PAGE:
Shannon Soper


The Nope Game App

Your dog wants to go on a walk at midnight

Let’s say your dog wants you to take it on a walk at midnight. If you're not sure whether you want to say yes or no, you could use this game I designed, The Nope Game, to decide on your response.

Play v0.1 of the Nope Game here!.

This game, a passion project of mine, acts like a friend who helps you not only decide whether to say yes or no to a particular request, but also why your response makes sense. It can imbue you with confidence when you respond to your dog, because you can justify why you said yes or no. 

The Nope Game home screen

The Dilemma

It’s hard for many people to evaluate the impact of people’s requests on their time. If you say yes now, will you regret it later? If you say no, will you lose your resolve if the other person pushes back?

I personally decided to train my ability to say no (or yes) with confidence using something called The Dime Game (the inspiration for my app, The Nope Game). It leads the user through a series of questions and, based on the answers to those questions, calculates a recommendation.

The worksheet for the original Dime Game

The Dime Game worksheet

The Dime Game second page

Gaining empathy

Through using this game 100+ times and recommending it to dozens of people, I gathered the insights necessary to create an empathy map.

An empathy map depicting the experience of people receiving a request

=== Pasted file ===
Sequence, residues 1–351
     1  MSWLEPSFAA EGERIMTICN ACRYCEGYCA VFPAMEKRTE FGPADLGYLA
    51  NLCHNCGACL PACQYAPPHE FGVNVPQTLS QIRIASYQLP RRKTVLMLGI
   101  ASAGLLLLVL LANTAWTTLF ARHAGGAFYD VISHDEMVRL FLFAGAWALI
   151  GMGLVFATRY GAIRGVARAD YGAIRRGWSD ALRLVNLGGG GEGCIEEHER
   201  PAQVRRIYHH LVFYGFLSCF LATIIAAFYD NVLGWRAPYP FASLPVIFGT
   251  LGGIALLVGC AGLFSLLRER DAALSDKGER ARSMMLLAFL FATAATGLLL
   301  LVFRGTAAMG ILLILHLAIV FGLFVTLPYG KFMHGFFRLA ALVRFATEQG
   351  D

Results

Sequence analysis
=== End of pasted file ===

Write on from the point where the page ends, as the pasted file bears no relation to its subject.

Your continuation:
Lowering the barrier to entry

I often avoided using the worksheet because I didn’t want to print a new one every time I needed to use it. Printing it was a minor tedium that created enough friction to justify avoiding the task.

I’d even look at the worksheet and, without writing on it, try to memorize my answers. Just to avoid reprinting it.

So, for a while I’d print stacks of worksheets to delay time between printing jobs. Finally, I lowered the barrier to entry by making the worksheet reusable. I laminated it and used erasable markers on the laminated version.

Laminated worksheet

Separating user flows

The left and right side of the worksheet look almost identical, which made users assume they needed to fill out both the left and right columns. However, most people just need to use either the left or the right, because the columns correlate with 2 different scenarios:

  • the left side of the worksheet is helps you decide how strongly to ask for something
  • the right side of the worksheet helps you decide how strongly to say no to a request

Which side of the worksheet should I start on?

To avoid this confusion, my design sends users down a path that's custom-fit to their scenario.

The first path I focused on is decide how strongly to say no to a request.

A screenshot showing that I’m focusing on the right side of the worksheet

Branding the app

The name “The Dime Game” doesn’t offer clarity about what users can expect from the game. After some brainstorming, I renamed it “The Nope Game.”

Even though it’s possible to say yes to a request, I wanted a memorable name. Another option was “The Hell No Game”, but the icon and URL didn’t look compact or easy to read. “Nope” is a single word that succinctly communicates the heart of the game.